What authors want more of

Famous Black male Authors

Last week, The Rumpus published a piece by Roxane Gay titled “Where Things Stand, ” in which Gay reported that nearly 90 percent of books reviewed in The New York Times are written by whites. Gay researched the racial background of every author critiqued by the paper in 2011. She yielded predictably striking results: 31 black authors, 655 white ones. Eighty-one reviewed books in all by writers of color. “I don’t know how to solve this problem or what to do with this information, ” wrote Gay, who is black. Still. “I like knowing where things stand.”

Two days after Gay’s count hit, a writer at Poynter called me, looking to commission a piece on the subject. We are both white. We first worked together several years ago, at a newspaper edited by a white man, then again at a website edited by the same white man. When we left, we both recommended each other to different white female editors, who would later hire us in newsrooms staffed with mostly white writers and editors. This is the grim reality of the mainstream journalism network. But as I navigated a series of publications helmed by white men stacked all the way to the top, the success of a white female writer like me seemed like some kind of demographic victory.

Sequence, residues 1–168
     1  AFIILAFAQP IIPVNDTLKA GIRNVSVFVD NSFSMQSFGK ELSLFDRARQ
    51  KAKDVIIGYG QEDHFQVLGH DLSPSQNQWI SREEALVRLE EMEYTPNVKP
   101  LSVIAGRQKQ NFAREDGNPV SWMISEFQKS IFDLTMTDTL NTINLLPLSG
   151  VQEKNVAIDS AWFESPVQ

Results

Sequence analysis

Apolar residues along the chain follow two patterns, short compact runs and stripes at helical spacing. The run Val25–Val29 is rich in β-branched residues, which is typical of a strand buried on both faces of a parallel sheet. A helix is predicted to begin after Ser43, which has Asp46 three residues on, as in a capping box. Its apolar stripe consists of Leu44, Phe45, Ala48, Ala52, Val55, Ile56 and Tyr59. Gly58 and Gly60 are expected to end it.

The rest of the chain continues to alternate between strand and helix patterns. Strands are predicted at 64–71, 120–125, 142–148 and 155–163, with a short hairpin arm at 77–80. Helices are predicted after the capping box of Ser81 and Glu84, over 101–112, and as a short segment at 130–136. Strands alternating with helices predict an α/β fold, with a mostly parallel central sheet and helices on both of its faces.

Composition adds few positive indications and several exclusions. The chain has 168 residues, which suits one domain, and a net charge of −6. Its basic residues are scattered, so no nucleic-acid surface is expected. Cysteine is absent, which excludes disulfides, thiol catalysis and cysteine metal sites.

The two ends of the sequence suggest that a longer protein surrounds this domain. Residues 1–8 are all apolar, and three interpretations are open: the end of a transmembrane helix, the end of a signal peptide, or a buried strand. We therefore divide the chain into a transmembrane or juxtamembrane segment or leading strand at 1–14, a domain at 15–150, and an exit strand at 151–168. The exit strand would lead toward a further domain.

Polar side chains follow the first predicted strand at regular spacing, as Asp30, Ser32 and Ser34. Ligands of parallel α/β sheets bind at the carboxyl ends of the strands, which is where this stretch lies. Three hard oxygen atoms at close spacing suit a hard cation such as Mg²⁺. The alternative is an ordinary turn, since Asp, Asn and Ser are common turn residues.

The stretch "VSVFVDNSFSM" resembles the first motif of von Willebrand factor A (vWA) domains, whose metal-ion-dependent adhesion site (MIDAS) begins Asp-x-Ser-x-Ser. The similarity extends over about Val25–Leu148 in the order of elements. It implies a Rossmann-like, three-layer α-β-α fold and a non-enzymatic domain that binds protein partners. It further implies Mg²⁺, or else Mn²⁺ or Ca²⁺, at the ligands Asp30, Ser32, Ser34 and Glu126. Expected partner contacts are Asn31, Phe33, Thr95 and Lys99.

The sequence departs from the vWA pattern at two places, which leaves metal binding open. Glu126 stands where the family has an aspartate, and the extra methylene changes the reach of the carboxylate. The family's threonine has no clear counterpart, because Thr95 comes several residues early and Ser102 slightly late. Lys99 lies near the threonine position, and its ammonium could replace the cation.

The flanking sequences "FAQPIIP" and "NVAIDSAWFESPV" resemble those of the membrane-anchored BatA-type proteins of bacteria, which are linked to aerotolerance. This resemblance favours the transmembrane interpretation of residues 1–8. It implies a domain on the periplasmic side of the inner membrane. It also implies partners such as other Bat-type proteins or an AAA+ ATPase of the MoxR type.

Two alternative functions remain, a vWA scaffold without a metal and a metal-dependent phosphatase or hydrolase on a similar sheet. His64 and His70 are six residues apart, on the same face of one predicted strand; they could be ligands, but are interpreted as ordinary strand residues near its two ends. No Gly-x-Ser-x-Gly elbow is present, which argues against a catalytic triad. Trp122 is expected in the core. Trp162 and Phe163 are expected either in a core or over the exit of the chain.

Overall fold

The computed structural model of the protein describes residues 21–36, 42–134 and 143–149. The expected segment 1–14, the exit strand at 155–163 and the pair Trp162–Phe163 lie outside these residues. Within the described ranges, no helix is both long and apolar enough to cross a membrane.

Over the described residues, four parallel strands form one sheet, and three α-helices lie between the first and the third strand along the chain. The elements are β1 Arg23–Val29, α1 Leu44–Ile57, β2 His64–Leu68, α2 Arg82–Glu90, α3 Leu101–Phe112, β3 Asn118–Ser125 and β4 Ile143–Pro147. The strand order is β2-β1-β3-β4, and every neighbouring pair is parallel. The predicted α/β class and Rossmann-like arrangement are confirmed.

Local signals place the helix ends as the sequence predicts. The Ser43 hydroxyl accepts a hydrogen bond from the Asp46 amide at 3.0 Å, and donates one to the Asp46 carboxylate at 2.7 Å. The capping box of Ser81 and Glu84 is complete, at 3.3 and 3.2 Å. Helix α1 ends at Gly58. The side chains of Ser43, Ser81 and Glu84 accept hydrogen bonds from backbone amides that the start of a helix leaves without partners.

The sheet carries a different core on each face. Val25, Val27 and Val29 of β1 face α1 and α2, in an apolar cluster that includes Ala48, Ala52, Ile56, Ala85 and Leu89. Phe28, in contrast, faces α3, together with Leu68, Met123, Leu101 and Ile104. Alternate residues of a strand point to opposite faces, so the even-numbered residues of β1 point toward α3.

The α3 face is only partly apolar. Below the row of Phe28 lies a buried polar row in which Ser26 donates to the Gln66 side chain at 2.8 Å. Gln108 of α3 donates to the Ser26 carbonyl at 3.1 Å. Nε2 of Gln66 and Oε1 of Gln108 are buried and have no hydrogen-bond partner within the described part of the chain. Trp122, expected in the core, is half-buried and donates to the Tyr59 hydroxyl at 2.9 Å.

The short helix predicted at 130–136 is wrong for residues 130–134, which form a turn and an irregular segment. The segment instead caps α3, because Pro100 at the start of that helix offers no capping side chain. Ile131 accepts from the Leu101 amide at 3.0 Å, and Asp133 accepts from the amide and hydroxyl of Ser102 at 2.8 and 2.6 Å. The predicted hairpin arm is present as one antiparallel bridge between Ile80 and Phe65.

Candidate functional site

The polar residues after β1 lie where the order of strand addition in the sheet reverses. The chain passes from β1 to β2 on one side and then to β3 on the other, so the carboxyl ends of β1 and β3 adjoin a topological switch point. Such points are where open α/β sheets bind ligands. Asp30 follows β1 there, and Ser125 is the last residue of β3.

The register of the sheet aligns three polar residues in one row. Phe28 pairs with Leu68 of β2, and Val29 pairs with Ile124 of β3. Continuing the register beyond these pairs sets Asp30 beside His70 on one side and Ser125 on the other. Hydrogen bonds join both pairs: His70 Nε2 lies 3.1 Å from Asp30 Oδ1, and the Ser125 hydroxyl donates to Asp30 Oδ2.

Roxane Gay: “It’s an easy out—oh, it’s way too hard to figure out the race thing."

Gay’s count comes on the heels of widespread media concern over the lack of representation of women in literary journalism. VIDA, an organization for women in the literary arts, has assessed the gender breakdown of major literary publications for two years running. In March, GOOD Magazine, where I worked until recently, published my own gender count of the bylines at publications targeting young readers. When white author Jonathan Franzen published his novel “Freedom” to fawning reviews in 2010, white author Jodi Picoult questioned the media’s outsized veneration of male writers. On NPR, white author Jennifer Weiner debated the issue with The New York Times Book Review's white editor Sam Tanenhaus.

Source: www.poynter.org
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